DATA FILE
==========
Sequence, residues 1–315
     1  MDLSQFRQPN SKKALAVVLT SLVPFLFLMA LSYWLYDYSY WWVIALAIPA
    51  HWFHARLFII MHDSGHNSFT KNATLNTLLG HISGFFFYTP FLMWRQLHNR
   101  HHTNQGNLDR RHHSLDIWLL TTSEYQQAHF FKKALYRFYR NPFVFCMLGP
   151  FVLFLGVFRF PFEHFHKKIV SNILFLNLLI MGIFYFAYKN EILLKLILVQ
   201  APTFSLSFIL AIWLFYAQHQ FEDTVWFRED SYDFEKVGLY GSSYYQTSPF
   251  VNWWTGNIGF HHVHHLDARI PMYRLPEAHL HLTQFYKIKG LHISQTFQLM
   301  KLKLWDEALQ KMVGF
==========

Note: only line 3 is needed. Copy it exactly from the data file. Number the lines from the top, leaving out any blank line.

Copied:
    51  HWFHARLFII MHDSGHNSFT KNATLNTLLG HISGFFFYTP FLMWRQLHNR